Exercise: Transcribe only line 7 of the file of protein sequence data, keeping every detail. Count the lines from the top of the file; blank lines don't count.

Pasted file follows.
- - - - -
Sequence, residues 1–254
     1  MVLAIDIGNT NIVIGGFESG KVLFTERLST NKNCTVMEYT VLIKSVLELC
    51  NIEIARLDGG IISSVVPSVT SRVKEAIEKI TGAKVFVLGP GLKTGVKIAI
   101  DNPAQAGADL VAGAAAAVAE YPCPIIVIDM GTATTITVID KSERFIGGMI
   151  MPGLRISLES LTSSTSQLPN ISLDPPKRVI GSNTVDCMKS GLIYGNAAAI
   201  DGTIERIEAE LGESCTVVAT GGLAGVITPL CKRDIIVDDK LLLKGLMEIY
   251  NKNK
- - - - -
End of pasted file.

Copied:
   251  NKNK